"L'AQUILA, Italy – Targeting global warming, leaders of the world's richest industrial countries pledged Wednesday to seek dramatic cuts in greenhouse gas emissions by 2050 to slow dangerous climate change. They agreed for the first time that worldwide temperatures must not rise more than a few degrees. …"

  • Thanks Rita. Glad you are on top of this and I appreciate your reminder. By reference to Nicole above, I did not mean to overlook you, but in reality I did. Humble apologies.

    In the interest of saving space while conveying the central message so my post stands on its own, I try to paste a representative and essential paragraph, but hope Roz's readers will visit the URLs. Obviously, you and Nicole may want to send more complete articles to her. Thanks ;-D

  • I have a good feeling about Tarawa. Don't know why, just do. And I sort of have a knack for this. I predicted that Josh Beckett would have a good night a couple of days ago, he did and the Boston Red Sox beat the Oakland Athletics after an embarrassing loss the night before. I thought Barrack Obama would win the election 10 months before the election- I was right again.

    Hope you don't do something horrible like injure your back. Good luck.

  • Whoa, I did not know about the situation in Tuvalu, that the rising sea levels are already happening. Thanks for bringing attention to it. That is very unfortunate, I feel sorry for the people of Tuvalu. Isn't it ironic how the oceans are expanding yet the fish populations are decreasing? Well, except for jellyfish.

  • Dear Roz,

    I think Tarawa might be more practical if the winds and currents don't change. But if they do, I think you should continue to try for Tuvalu. Not just because that was your original destination, but also because Howland Island is also on that same course. Howland Island is about 470 miles south-southwest of your current RozTracker position, and it looks like it would currently mark the halfway point to Tuvalu. It is a wildlife refuge, but it has a marker for another famous adventurer, Amelia Earhart! It was reported she went missing in 1937 near Howland Island, so a navigational day beacon was constructed and named Earhart Light. It's concrete and brick like a lighthouse, but with no light. It was damaged in WWII according Wikipedia, but was not repaired in the best condition. But if you choose to travel your original route, and can make a more southwardly course, then you will come upon this tiny island, maybe give a Salute from one woman adventurer to another.

    KPatrick, U.S. Virgin Islands

  • Doing a rough search and you tracker, you may be south of the Equator. Also found both Tuvula & Tarawa both have beer. Your course seems to put you closer to Tarawa, but that could change.

  • Roz, rosy was the news this morning, but now … thorns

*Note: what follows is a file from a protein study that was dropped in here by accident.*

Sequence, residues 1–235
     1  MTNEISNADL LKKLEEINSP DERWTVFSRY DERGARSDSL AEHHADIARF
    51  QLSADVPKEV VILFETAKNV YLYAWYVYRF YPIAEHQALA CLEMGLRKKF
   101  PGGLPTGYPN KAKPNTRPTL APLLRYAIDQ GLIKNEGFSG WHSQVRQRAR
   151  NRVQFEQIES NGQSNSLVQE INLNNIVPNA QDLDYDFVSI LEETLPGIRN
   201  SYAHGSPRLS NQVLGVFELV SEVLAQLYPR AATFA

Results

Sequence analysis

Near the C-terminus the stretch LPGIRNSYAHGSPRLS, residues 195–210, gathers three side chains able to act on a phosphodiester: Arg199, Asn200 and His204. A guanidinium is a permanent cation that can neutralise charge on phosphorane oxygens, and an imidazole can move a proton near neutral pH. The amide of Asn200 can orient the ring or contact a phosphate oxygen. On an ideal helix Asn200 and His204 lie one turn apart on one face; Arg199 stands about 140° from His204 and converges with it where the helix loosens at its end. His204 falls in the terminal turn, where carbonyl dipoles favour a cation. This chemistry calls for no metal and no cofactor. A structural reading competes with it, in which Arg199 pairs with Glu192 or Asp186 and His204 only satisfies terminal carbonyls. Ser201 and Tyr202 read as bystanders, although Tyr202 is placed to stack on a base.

Ban criticises G8 climate efforts – BBC

    "UN Secretary General Ban Ki-moon has criticised leaders of the G8 industrial nations for failing to make deeper commitments to combat climate change.

    "On Wednesday, the leaders, meeting in Italy, agreed to cut emissions by 80% by 2050, but Mr Ban said big cuts were needed sooner rather than later. …"

    Boxer and Reid delay Senate action on climate bill until September – GRIST

    "Sen. Barbara Boxer (D-Calif.), chair of the Environment and Public Works Committee, is now telling reporters that she won’t have a climate and energy bill ready for a vote in her committee until September, a significant delay for the legislation. …

    "“We don’t have to rush it through,” Boxer told reporters. “We’ll do it as soon as we get back [from recess], and we’ll have it at the desk when Harry wants it, when the leader wants it.”

    "She’s referring, of course, to Senate Majority Leader Harry Reid (D-Nev.), who is also delaying the time frame for Senate movement on a climate bill. Yesterday he bumped his deadline for committee action on a bill back by 10 days to Sept. 28. By that date, he wants all six committees with jurisdiction to have concluded markup of their components of a climate plan. Reid said he pushed the date back to give legislators more time to work out differences over the bill.

    "Asked whether the delay would be a major setback for the the bill, Boxer was dismissive. “Not a bit … we’ll be in until Christmas, so I’m not worried about it,” she said.

    "There is, however, the looming deadline of international climate talks in Copenhagen in mid-December, by which time Congress needs to act if the U.S. is to demonstrate to world leaders that it is committed to emission reductions. …"

    Stay tuned. Oct 24 and COP-15 are just over the horizon.

  • 1. My Dad. He died 5 years ago, but I can still hear his voice.
    Like any true Yorkshireman he was never over-impressed with anybody's
    achievements, his own or anybody else's. Or not that he let on, anyway.
    Hi Roz, Tim from Cape Cod- look forward to your daily blog feed.
    My Dad was like your description. Sometimes people tell me I'm "too hard on myself". This can come from not hearing praise or pride from those close to us, i.e. parents and always searching for it.
    Perfectionism always leads me to depression. Its a challenge to make myself believe "I'm enough just like I am" but I try. I'm an artist so my perfectionism produces some good artwork but I have to remind myself that I'm worthwhile- regardless.
    Cheers and carry on!